Hence the rather cryptic photo attached.
See if you can spot the little fella...

There was little out on the water, just a couple of hooded merganser and the odd mallard and a lone wood duck.
Creeping around in the undergrowth were a couple of varied thrushes, fox sparrows and the usual Bewick's wrens, juncos, towhees etc.
I did get great views of a marsh wren, frolicking in the frosty phragmites. Always a treat.

Saturday additions...

Just managed a quick run by Quennell Lake on our way out to somewhere less ornithological.
Of note: the American kestrel was again hunting in the nearby fields. Only 28 trumpeter swans were on the flooded field and wildfowl in general was much reduced. There were approximately 180 common merganser, and a single American coot on the lake.  

Monday, 13 December 2010

Out For The Count

Sunday, I was blessed with dry weather for my Coastal Waterbirds Survey.

Before I really kicked off, I scoped toward the Nanaimo estuary from the path just by the tunnel exit, and could see at least 2 short-eared owls and a northern harrier hunting over the flooded marsh.
The survey itself, was pretty uneventful but continued, at least, to remain rain-free as I walked down to Jack Point and back.
Highlights included 7 horned grebe, 4 common loon, 1 surf scoter, 1 harlequin duck and a Brandt's cormorant. The most plentiful birds were bufflehead and common goldeneye, with reasonable numbers of red-breasted merganser and greater scaup also present.

I made a quick stop at Holden Creek on my way back. The actual marsh was birdless (no doubt helped by the fact that a couple of local gunmen were creeping around at the back), but the wet fields contained approximately 1400 American wigeon plus several hundred green-winged teal and reasonable numbers of pintail and mallard. A peregrine bombed through, attempted a strike at the wildfowl but left empty-handed. Or empty-taloned, I suppose...
5 greater white-fronted geese were still hanging around with the Canadas.
 

Sunday, 12 December 2010

Cam-owl-flage

I headed out to the Nanaimo River estuary for the first couple of hours of daylight on Saturday morning. I arrived to find one hunter already out on the marsh, with another soon arriving after me.
There wasn't must shooting going in though, as the majority of wildfowl was staying offshore.
There wasn't a great deal of activity at all, to be honest, and I spent my time vainly searching for birds.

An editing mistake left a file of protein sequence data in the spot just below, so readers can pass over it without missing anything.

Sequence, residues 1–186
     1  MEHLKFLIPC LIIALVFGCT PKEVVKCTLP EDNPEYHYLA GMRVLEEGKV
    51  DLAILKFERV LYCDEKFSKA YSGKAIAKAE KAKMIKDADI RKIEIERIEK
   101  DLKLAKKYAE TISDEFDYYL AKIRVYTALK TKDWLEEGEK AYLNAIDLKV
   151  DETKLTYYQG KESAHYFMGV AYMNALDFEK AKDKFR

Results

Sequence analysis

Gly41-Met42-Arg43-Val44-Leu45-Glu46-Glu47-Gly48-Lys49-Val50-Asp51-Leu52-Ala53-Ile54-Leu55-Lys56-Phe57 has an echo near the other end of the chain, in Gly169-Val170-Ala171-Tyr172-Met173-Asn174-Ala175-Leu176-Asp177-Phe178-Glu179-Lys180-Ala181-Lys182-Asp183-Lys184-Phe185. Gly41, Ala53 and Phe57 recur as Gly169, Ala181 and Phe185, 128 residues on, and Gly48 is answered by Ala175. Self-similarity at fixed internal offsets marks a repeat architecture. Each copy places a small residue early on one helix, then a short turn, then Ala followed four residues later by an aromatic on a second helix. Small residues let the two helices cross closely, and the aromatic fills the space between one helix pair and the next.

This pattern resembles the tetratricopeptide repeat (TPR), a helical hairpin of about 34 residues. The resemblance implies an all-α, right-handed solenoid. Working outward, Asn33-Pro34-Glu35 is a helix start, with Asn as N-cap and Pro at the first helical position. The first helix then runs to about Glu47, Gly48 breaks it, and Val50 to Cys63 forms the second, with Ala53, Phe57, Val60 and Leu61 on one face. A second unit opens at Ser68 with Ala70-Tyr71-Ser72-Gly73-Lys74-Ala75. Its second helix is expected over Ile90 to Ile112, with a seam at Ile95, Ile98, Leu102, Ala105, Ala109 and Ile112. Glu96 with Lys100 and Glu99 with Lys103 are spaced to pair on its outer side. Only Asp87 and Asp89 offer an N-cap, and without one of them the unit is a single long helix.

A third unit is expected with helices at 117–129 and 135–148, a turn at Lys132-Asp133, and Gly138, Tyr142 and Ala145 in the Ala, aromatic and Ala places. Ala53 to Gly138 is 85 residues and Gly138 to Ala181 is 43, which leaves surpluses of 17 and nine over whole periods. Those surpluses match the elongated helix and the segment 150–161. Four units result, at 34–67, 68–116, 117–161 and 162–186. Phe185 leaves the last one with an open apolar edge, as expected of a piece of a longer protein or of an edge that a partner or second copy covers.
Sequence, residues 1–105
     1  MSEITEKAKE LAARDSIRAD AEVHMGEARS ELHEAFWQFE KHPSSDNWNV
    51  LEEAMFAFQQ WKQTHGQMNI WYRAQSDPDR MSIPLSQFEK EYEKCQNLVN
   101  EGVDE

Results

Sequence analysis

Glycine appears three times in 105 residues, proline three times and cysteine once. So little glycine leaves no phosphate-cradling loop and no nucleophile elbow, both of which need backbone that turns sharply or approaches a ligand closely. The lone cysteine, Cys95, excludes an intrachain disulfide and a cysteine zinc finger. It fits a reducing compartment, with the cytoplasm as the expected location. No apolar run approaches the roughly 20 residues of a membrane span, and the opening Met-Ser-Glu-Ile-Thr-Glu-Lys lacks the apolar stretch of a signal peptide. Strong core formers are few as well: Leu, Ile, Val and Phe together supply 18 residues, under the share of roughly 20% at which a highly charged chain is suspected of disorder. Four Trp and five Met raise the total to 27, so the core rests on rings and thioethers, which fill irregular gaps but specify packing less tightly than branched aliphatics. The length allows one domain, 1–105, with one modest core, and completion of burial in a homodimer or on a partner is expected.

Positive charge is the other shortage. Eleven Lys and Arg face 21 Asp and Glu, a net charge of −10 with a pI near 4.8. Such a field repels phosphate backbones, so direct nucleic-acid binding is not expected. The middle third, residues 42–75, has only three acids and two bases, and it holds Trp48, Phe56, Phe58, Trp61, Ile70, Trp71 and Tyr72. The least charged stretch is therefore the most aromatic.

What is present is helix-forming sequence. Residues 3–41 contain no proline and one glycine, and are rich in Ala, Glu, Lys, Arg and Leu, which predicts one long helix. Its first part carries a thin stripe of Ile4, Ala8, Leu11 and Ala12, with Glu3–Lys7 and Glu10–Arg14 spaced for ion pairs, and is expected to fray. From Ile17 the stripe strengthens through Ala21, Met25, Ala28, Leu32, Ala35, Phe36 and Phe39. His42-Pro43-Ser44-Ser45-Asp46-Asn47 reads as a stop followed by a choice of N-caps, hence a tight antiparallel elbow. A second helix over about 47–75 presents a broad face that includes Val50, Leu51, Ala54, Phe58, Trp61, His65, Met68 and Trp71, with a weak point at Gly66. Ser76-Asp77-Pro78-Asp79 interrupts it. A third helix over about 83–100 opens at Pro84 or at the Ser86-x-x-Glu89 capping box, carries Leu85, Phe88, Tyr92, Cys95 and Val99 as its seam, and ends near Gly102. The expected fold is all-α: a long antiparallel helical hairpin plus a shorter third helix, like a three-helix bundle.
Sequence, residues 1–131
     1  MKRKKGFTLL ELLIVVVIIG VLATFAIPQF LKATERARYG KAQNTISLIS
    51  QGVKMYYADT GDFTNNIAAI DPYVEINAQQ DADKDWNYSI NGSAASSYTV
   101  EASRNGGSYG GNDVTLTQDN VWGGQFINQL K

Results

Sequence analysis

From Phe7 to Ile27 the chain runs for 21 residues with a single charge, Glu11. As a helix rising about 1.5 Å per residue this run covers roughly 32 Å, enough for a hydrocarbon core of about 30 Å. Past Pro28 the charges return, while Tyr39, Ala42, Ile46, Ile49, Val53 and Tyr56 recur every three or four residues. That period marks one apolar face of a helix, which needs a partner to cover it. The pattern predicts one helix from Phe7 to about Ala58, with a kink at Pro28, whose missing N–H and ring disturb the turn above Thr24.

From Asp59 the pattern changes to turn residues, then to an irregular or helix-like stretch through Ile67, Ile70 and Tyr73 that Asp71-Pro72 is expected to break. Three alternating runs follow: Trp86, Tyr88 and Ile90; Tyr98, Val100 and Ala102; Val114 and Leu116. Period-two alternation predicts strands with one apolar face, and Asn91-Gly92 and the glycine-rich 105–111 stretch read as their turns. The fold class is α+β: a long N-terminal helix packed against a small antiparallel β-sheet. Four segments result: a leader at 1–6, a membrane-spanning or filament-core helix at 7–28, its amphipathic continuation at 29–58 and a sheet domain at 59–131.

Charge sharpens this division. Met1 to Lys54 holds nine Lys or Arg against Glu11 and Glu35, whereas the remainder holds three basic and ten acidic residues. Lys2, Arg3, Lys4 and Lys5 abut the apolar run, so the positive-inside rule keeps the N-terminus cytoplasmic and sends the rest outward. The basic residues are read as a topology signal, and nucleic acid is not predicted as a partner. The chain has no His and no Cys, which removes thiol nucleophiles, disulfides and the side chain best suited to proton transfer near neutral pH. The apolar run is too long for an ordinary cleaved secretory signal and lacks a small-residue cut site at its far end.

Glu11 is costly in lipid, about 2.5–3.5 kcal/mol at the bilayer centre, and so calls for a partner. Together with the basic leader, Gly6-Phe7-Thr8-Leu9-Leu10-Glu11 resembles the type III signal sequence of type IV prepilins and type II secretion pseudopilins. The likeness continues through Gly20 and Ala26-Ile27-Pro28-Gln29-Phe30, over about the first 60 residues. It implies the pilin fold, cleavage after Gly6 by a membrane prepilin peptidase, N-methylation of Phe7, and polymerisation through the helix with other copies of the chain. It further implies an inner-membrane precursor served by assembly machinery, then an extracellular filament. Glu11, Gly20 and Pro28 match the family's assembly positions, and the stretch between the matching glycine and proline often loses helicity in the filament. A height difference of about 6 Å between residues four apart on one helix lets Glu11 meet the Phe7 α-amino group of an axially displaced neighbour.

I didn't see a single shrike - most unusual here, and only a lone western meadowlark put in an appearance.
Two 'ring-tail' northern harriers were cruising the marsh but no owls were in hunting mode. I did manage to locate a single roosting short-eared owl, as pictured here. They can be tricky little blighters to find...
A couple of largish finch/sparrow flocks were deserving of thorough scrutiny but, alas, the best I could dig out from among the multitude of golden-crowned sparrows and juncos were a couple of white-crowned, a fox and a Lincoln's sparrow. Pah.

Wednesday, 8 December 2010

Audubon's Birds of America

I see that Lord Hesketh's edition of Audubon's Birds of America has gone under the hammer and fetched a record-breaking price of over 7.3million pounds.

If you ever want to find out more about this seminal work, read Duff Hart-Davis's 'Audubon's Elephant'  - a superb book chronicling the project from concept to completion. Boy, they were dedicated in those days...

Click here to read the BBC report of the sale...

Sunday, 5 December 2010

Ducks and geese and swans, oh my!

Didn't really get any time to do any serious birding today, but have binoculars, will travel...

Jenny and I walked down to Jack Point, enjoying the relative warmth and bright skies. We saw good numbers of waterbirds along the way including horned grebe, common loon, both goldeneye species, bufflehead, greater scaup, white-winged scoter and so on.
The woodland was alive with dark-eyed juncos, chestnut-backed chickadees and golden-crowned kinglets. We also came across Bewick's and Pacific wrens, and a couple of ruby-crowned kinglets.  
A single dunlin was roosting on the rocks near the Duke Point ferry terminal.

It was late afternoon by the time we came away and we made a small detour to check Quennell Lake. There were fewer swans than were here yesterday when we arrived, but small parties arrived from the south intermittently. After yesterday's wigeon-fest, I was surprised not to see a single bird. In fact, other than 8 shoveler and a ring-necked duck the only ducks present on the flooded fields were hundreds of mallard.
On the lake proper, I couldn't see the ruddy duck - just lots of common and hooded mergansers.
A single juv greater white-fronted goose was among the Canadas feeding in the fields (pictured). You can make out the beginnings of its white blaze at the base of the bill, though it still retains much of its black nail.
A lone cackling goose arrived in a large flock of Canada geese, again coming in from wherever they'd been feeding to the south.

Saturday, 4 December 2010

My kind of birding

Suffering from severe withdrawals, I headed down to the Nanaimo River estuary at first light this morning. And what a glorious morning it was too - below freezing and awash with crisp white frost, but bright and clear.
A few Barrow's goldeneye, bufflehead and common mergansers were on the river, adjacent to Raines Road and a gathering of glaucous-winged gulls were assembled in the usual spot where the river splits.
A couple of varied thrush were in the big oak, and there were good numbers of American robins around the place.

A male northern harrier was perched up in a shrub out on the marsh, while a northern shrike similarly was keeping watch from a small tree nearby. The usual numerous bald eagles were much in evidence, and I even bothered to take a pic of one - as seen here.
Over the course of the next couple of hours I saw another 2 northern harriers (both juvs), a couple of belted kingfisher and just 3 western meadowlarks.
A trio of trumpeter swans were honking around the place, while a drake Eurasian wigeon was picked out from among a throng of American wigeon on the marsh.